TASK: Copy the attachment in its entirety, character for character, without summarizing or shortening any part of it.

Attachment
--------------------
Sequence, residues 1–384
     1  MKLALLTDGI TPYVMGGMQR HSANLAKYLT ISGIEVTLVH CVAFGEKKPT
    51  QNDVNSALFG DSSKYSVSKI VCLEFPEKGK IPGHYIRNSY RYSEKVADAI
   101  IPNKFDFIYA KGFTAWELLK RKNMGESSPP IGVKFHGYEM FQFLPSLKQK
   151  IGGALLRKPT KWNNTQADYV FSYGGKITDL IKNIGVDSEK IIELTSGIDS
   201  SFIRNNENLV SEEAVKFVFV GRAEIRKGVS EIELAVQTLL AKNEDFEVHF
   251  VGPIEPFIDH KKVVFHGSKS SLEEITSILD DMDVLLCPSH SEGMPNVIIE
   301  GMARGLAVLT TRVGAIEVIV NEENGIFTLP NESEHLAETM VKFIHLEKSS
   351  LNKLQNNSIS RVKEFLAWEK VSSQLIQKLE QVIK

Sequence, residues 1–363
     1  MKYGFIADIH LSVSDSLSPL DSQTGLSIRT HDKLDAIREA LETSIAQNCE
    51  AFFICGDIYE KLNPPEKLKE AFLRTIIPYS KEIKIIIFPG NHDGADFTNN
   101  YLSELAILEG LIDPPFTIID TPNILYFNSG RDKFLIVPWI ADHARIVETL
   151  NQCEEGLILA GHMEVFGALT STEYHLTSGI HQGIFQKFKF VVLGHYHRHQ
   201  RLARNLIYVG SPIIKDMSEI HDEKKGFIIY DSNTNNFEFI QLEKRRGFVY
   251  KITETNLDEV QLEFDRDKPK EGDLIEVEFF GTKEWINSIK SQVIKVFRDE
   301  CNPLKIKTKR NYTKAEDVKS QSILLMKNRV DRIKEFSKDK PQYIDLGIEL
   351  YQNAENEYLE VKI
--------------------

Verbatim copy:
Sequence, residues 1–384
     1  MKLALLTDGI TPYVMGGMQR HSANLAKYLT ISGIEVTLVH CVAFGEKKPT
    51  QNDVNSALFG DSSKYSVSKI VCLEFPEKGK IPGHYIRNSY RYSEKVADAI
   101  IPNKFDFIYA KGFTAWELLK RKNMGESSPP IGVKFHGYEM FQFLPSLKQK
   151  IGGALLRKPT KWNNTQADYV FSYGGKITDL IKNIGVDSEK IIELTSGIDS
   201  SFIRNNENLV SEEAVKFVFV GRAEIRKGVS EIELAVQTLL AKNEDFEVHF
   251  VGPIEPFIDH KKVVFHGSKS SLEEITSILD DMDVLLCPSH SEGMPNVIIE
   301  GMARGLAVLT TRVGAIEVIV NEENGIFTLP NESEHLAETM VKFIHLEKSS
   351  LNKLQNNSIS RVKEFLAWEK VSSQLIQKLE QVIK

Sequence, residues 1–363
     1  MKYGFIADIH LSVSDSLSPL DSQTGLSIRT HDKLDAIREA LETSIAQNCE
    51  AFFICGDIYE KLNPPEKLKE AFLRTIIPYS KEIKIIIFPG NHDGADFTNN
   101  YLSELAILEG LIDPPFTIID TPNILYFNSG RDKFLIVPWI ADHARIVETL
   151  NQCEEGLILA GHMEVFGALT STEYHLTSGI HQGIFQKFKF VVLGHYHRHQ
   201  RLARNLIYVG SPIIKDMSEI HDEKKGFIIY DSNTNNFEFI QLEKRRGFVY
   251  KITETNLDEV QLEFDRDKPK EGDLIEVEFF GTKEWINSIK SQVIKVFRDE
   301  CNPLKIKTKR NYTKAEDVKS QSILLMKNRV DRIKEFSKDK PQYIDLGIEL
   351  YQNAENEYLE VKI